That’s fine to use when you are the only job candidate, or perhaps apply for a role in IT, or other heavily understaffed sector of economy. But if you compete with many other people for the job, or lack some skills and experience other candidates have, you won’t achieve anything with mediocre answers.
Do not be afraid to experiment. Maybe you can talk about a failure from personal life, something that won’t leave any interviewer at ease (see sample answer no. 6), or about your failures from previous interviews (see sample answer no. 7). It’s always better than saying the same thing everyone else does…
Ready to answer this one?I hope so! Check also 7 sample answers to other tricky interview questions:
- Do you consider yourself successful?
- What does integrity mean to you?
- Who inspires you?
- Recent Posts
Matthew has been working in international recruitment since 2008. He helps job seekers from all walks of life to pursue their career goals, and to prepare for their interviews. He is the founder of InterviewPenguin.com website.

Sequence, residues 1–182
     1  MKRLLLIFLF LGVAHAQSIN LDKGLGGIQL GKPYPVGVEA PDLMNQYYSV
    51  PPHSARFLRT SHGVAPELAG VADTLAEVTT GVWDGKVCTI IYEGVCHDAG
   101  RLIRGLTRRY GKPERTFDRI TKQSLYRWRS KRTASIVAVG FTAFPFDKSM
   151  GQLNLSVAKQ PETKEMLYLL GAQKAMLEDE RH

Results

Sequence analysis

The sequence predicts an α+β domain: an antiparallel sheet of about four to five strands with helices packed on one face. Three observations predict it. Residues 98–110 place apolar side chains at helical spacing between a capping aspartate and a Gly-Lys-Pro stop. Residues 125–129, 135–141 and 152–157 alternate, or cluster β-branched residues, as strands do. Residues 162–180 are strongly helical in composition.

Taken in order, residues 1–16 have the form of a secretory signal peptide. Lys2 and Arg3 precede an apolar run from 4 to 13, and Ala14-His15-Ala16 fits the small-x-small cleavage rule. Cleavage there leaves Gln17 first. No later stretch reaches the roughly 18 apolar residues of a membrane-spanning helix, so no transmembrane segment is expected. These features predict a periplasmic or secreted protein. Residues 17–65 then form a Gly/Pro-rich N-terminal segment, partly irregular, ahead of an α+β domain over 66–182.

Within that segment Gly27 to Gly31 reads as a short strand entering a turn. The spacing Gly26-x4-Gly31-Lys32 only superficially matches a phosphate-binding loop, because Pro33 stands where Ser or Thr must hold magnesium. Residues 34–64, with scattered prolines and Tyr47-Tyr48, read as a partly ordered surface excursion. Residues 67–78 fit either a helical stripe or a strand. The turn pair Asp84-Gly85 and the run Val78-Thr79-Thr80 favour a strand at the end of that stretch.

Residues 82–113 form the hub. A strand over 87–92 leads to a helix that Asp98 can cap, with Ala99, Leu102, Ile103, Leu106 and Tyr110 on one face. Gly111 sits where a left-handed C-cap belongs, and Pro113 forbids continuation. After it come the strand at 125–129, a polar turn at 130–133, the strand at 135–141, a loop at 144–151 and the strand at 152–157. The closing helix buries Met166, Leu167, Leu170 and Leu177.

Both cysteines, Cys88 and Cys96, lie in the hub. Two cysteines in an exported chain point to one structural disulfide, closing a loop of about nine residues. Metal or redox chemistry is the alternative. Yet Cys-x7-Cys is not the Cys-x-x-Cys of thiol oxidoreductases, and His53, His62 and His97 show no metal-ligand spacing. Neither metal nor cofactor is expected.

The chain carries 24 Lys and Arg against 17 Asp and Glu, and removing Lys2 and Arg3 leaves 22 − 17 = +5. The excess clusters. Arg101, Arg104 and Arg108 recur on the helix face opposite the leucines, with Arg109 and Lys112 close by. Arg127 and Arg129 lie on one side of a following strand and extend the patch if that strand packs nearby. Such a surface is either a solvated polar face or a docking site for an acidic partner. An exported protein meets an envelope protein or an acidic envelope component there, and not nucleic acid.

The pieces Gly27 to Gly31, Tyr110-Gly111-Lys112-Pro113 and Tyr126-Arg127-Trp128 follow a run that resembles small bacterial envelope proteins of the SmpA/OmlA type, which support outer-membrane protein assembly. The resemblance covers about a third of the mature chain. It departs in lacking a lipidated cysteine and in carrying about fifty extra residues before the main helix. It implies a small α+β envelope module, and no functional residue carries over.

Latest posts by Matthew Chulaw (see all)
What is an example of Tell me a time when you failed? ›
Example Answers to “Tell Me a Time When You Failed”
“I was managing a project for one of our biggest clients in my previous company, and I was so eager to please them that I told them we could finish the project within 2 weeks. I thought this was doable, but it ended up taking three weeks and they were not happy.
1st Answer Example
"Our team was recently on a project with a very tight deadline. We knew the client and their needs very well which I believe made us go into the project overconfident. Because we underestimated the work involved, we missed our deadline by three business days.